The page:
DMSA scan

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DMSA scan
Decreased Tc99m-DMSA uptake in both kidneys, suggestive of renal failure.
OPS-301 code3-706.0

A DMSA scan is a radionuclide scan that uses dimercaptosuccinic acid (DMSA) in assessing renal morphology, structure and function. Radioactive technetium-99m is combined with DMSA and injected into a patient, followed by imaging with a gamma camera after 2-3 hours.[1] A DMSA scan is usually static imaging, while other radiotracers like DTPA and MAG3 are usually used for dynamic imaging to assess renal excretion.[2]

The major clinical indications for this investigation are

  1. Detection and/or evaluation of a renal scar, especially in patients having vesicoureteric reflux (VUR)
  2. Small or absent kidney (renal agenesis),
  3. Ectopic kidneys (sometimes cannot be visualized by ultrasonography of abdomen due to intestinal gas)
  4. Evaluation of an occult duplex system,
  5. Characterization of certain renal masses,
  6. Evaluation of systemic hypertension especially young hypertensive and in cases of suspected vasculitis.[3]
  7. It is sometimes used as a test for the diagnosis of acute pyelonephritis.[4] However, the sensitivity of DMSA scan for acute pyelonephritis may be as low as 46%.[5]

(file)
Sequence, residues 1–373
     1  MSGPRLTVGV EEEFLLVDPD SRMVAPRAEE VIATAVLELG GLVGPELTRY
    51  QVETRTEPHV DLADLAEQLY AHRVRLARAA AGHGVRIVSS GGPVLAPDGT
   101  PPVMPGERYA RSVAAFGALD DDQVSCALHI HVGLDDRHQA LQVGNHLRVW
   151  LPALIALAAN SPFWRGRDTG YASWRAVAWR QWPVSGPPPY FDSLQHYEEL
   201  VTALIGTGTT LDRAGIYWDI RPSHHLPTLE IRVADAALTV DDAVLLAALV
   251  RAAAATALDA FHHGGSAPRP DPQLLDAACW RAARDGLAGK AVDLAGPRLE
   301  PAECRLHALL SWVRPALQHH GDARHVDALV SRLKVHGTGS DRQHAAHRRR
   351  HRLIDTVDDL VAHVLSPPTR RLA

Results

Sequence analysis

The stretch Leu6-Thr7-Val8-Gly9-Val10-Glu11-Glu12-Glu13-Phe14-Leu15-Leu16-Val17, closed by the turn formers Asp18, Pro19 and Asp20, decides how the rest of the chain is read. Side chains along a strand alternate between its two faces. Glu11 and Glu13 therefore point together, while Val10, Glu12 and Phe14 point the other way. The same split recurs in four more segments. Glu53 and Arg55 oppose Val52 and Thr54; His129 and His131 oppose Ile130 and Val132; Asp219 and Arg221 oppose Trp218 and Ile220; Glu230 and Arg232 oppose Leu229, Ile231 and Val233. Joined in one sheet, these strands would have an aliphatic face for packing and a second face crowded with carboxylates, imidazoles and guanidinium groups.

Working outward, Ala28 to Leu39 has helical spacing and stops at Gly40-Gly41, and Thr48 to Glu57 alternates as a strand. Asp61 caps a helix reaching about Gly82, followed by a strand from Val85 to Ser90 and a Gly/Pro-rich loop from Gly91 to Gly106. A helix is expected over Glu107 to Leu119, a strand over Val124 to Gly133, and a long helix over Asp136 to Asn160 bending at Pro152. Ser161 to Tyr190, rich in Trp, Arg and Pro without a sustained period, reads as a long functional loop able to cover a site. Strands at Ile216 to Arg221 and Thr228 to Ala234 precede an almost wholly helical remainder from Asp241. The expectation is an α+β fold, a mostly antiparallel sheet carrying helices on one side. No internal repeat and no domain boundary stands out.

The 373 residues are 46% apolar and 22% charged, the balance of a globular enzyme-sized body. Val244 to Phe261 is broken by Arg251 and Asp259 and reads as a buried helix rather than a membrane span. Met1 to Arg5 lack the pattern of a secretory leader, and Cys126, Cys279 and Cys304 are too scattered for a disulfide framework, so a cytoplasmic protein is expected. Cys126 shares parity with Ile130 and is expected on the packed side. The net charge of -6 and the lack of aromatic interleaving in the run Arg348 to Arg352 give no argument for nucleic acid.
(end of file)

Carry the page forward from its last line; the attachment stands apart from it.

Procedure: Patient is injected with 2-5 mCi of Technetium-99m DMSA intravenously and static imaging is done using Gamma camera after 2-3 hours. Imaging time is approximately 5 - 10 minutes depending on the views taken. Usually, posterior and oblique views are a must for better interpretation of the scan. Patient is asked to maintain good hydration before and after the radiotracer injection by drinking water or intravenous fluid administration, if patient cannot drink water for any reason. Usually fasting is not required for scanning purpose and patients can have light breakfast in the morning of the scan day.

The technetium-99m DMSA binds to the proximal convoluted tubules in kidney so the excretion pattern of the kidneys cannot be assessed by this for which renal dynamic scans using radiotracers like DTPA, MAG3 are used.

See also[edit]


  1. ^ "Renal Cortical Scintigraphy (DMSA scan) Clinical Guidelines" (PDF). BNMS. 2011. Retrieved 11 June 2017.[permanent dead link]
  2. ^ Fogelman, Ignac; Clarke, Susan; Cook, Gary; Gnanasegaran, Gopinath (2014). Atlas of Clinical Nuclear Medicine, Third Edition. CRC Press. p. 443. ISBN 9781841847528.
  3. ^ Gordon I (March 1987). "Indications for 99mtechnetium dimercapto-succinic acid scan in children". The Journal of Urology. 137 (3): 464–7. PMID 3029435.
  4. ^ Goldraich NP, Goldraich IH (April 1995). "Update on dimercaptosuccinic acid renal scanning in children with urinary tract infection". Pediatric Nephrology. 9 (2): 221–6, discussion 227. doi:10.1007/bf00860755. PMID 7794724.
  5. ^ Bailey RR, Lynn KL, Robson RA, Smith AH, Maling TMJ, Turner JG. "DMSA renal scans in adults with acute pyelonephritis". Clinical Nephrology. 46 (2): 99–104. PMID 8869786.